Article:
Atiatonharónkwen Louis Cook was a Mohawk Patriot. Within what American historian Roxanne Dunbar-Ortiz describes as the “consensual national narrative” Mohawks are most commonly described as Loyalists.[iv] Explanations of Mohawk involvement focusing on Mohawk-Loyalist allyship while ignoring the Mohawk-Patriot counterpart are incomplete. They account neither for Mohawk agency nor do they consider the Mohawk imperative of surviving European invasion and colonization. Just as general discussions of African American participation in the American Revolution are inevitably framed by the Loyalist artifacts of Dunmore’s Proclamation (1775) and the Book of Negroes (1783), the liberty of Black and Indigenous People of Color (BIPOC) would seem only to be achievable as the result of an American colonial defeat. Situating BIPOC exclusively on the “losing side” of the American Revolution justifies their exclusion (and their descendants’ exclusion) from the spoils of victory, historically setting aside the creation of the Early Republic as a predominantly white Anglo-Saxon space as well. And it wasn’t. For Haudenosaunee warriors, the fight was not for Patriot or Loyalist liberty, but for Mohawk liberty.
Like his Loyalist Mohawk counterparts, Atiatonharónkwen Louis Cook, a Mohawk of African descent who was first a French—and later an American—ally, fought to secure liberty for himself and his people and to protect the land, including in his own stake in it. Due to his Patriot allyship, in the years after the war it was untenable for Atiatonharónkwen to return to his life in Kahnawake; he was forced first to establish a new home among the Oneidas and later in among the St. Regis in Akwesasne.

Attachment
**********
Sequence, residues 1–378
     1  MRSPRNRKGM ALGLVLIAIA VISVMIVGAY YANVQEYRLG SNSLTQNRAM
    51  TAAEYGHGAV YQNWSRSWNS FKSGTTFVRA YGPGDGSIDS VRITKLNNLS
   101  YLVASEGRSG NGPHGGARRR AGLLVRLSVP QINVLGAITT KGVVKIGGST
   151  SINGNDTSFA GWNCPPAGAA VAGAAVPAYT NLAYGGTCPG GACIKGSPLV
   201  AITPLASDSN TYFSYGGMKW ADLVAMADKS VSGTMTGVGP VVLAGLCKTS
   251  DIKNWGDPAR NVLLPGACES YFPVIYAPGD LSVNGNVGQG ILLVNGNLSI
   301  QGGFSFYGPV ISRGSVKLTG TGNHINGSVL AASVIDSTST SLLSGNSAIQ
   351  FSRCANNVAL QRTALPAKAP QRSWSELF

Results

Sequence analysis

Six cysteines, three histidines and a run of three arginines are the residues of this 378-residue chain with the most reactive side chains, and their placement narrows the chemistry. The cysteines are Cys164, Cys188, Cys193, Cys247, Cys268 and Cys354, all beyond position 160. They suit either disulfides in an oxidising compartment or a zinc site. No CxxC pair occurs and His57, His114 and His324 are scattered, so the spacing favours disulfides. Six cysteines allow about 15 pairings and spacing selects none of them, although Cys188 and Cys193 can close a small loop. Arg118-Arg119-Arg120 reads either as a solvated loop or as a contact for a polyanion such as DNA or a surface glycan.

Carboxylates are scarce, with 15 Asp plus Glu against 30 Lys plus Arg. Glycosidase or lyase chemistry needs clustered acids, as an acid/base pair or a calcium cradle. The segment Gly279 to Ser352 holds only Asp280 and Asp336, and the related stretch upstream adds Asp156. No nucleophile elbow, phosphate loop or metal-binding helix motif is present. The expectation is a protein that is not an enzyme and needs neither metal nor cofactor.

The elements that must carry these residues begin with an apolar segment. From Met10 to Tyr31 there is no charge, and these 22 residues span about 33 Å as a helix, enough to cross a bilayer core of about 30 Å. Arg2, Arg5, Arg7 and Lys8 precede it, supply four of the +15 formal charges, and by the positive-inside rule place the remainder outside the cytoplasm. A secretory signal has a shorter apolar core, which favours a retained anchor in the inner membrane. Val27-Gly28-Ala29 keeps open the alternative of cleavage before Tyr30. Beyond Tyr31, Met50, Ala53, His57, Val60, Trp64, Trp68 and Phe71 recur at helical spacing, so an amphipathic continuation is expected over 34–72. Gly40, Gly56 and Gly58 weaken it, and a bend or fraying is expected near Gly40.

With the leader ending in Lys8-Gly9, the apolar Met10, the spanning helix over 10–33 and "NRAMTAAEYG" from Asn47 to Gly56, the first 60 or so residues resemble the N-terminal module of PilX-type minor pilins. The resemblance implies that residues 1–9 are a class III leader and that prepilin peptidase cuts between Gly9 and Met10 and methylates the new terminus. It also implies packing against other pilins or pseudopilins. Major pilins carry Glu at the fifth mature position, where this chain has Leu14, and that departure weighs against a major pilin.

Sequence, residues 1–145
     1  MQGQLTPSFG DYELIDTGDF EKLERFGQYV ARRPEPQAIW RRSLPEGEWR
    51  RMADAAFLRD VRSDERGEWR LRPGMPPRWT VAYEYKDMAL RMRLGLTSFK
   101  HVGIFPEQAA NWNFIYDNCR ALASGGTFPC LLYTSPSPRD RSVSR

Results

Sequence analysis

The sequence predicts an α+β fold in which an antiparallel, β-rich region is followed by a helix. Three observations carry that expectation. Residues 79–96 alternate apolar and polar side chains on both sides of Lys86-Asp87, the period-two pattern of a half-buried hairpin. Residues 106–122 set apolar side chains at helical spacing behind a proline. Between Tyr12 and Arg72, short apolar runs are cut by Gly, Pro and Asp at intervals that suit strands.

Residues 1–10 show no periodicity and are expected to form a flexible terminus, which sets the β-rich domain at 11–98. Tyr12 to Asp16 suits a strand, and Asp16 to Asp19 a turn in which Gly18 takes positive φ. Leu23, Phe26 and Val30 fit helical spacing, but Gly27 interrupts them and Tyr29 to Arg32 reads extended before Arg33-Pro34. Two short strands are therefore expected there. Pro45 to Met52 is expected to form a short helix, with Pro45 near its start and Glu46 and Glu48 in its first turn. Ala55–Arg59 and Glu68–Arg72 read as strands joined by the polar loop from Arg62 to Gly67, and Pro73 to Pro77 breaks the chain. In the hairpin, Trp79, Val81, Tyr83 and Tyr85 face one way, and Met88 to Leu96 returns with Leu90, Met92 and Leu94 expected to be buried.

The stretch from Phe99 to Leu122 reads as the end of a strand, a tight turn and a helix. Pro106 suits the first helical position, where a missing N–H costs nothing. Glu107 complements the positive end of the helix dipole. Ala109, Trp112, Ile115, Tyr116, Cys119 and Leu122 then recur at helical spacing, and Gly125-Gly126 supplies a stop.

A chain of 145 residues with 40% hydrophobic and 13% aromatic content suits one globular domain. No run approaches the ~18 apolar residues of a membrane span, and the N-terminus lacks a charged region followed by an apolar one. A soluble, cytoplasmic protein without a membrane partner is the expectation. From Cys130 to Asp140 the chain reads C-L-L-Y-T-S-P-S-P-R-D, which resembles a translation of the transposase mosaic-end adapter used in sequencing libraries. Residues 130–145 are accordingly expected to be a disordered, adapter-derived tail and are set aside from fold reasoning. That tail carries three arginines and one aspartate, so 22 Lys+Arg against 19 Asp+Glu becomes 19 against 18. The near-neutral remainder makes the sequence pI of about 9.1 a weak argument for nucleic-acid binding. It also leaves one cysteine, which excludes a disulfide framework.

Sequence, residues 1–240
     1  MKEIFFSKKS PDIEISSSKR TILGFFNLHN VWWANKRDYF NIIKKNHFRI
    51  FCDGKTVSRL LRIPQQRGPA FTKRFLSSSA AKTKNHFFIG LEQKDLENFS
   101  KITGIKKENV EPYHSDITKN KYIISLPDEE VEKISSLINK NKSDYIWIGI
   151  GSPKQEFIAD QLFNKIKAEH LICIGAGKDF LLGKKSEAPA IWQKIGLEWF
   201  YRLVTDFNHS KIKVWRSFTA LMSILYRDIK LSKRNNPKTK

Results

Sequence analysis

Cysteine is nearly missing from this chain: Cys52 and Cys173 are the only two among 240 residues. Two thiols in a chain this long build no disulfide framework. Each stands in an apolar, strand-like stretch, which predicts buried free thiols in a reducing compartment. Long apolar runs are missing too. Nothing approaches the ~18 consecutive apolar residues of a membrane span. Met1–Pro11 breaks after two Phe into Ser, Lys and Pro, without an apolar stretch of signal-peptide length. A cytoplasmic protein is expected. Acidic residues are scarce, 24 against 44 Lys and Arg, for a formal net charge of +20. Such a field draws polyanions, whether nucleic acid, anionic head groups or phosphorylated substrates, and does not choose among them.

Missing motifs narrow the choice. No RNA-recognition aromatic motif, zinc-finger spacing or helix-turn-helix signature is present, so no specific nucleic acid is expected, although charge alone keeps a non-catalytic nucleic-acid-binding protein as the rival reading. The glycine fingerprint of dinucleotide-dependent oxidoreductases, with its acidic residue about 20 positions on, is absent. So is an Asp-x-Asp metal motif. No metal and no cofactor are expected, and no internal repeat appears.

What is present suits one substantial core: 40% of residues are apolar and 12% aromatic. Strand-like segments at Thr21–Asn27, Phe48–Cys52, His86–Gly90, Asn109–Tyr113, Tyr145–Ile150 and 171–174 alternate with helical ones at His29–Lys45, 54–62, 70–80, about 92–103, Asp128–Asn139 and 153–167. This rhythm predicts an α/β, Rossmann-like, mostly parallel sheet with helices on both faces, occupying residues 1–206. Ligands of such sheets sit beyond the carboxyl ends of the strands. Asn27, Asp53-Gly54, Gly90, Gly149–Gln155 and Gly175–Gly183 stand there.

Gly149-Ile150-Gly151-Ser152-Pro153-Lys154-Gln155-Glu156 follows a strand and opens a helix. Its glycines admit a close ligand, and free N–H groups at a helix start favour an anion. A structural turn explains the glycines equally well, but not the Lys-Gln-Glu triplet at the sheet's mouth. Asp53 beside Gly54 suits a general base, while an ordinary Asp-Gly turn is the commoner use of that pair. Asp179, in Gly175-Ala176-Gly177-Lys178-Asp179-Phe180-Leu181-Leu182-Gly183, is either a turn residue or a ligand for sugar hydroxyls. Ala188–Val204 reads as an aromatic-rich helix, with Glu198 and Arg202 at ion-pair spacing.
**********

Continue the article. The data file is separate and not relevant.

Nia-man-rigounant (Atiatonharónkwen Louis Cook) as a Child Abandoning Land, Securing Liberty: King George’s War (1744–1748)
In 1737, Nia-man-rigounant was born to an Abenaki/Mohegan mother and an African father in what is now known as Schuylerville, New York, a neighborhood of Saratoga.[v] In 1745 the French and their Indigenous allies raided Saratoga killing 30 people and capturing between 60 and 100 others, including Nia-man-rigounant and his family. Captain Louis de La Corne mistook the young boy for a slave, using the nine-year-old’s appearance as justification. Was it the boy’s skin color? His facial features? His hair texture? The record is silent on this. Whatever it was, it was enough for La Corne to exclaim in French, “He is Negro, and he is mine.”[vi] It may have been the first time his African ancestry was used against him, but it would not be the last. His mother objected in Abenaki language shouting, “He is my child!” It was only when she appealed to La Corne’s Mohawk allies that La Corne relinquished his claim. Then Nia-man-rigounant and his mother followed the Iroquois band to the French Catholic Mission of Sault-Saint-Louis, present-day Kahnawake.
At Kahnawake, Mohawks adopted Nia-man-rigounant and he became Atiatonharónkwen. It was here, I imagine, he learned French and where he “converted” to Catholicism. After his mother died, a Jesuit missionary persuaded young Atiatonharónkwen to accept a position as an acolyte. His conversion seems to have been more of a cultural accommodation than a spiritual transformation. While Atiatonharónkwen Louis Cook was known to prefer Catholicism to other forms of Christianity, he did not adhere to all dogmas and was “liberal to other religious sects.” An intellectual and mature young man, he spent his free time gathering both knowledge and wisdom from Mohawk elders and French priests as they spoke in council meetings.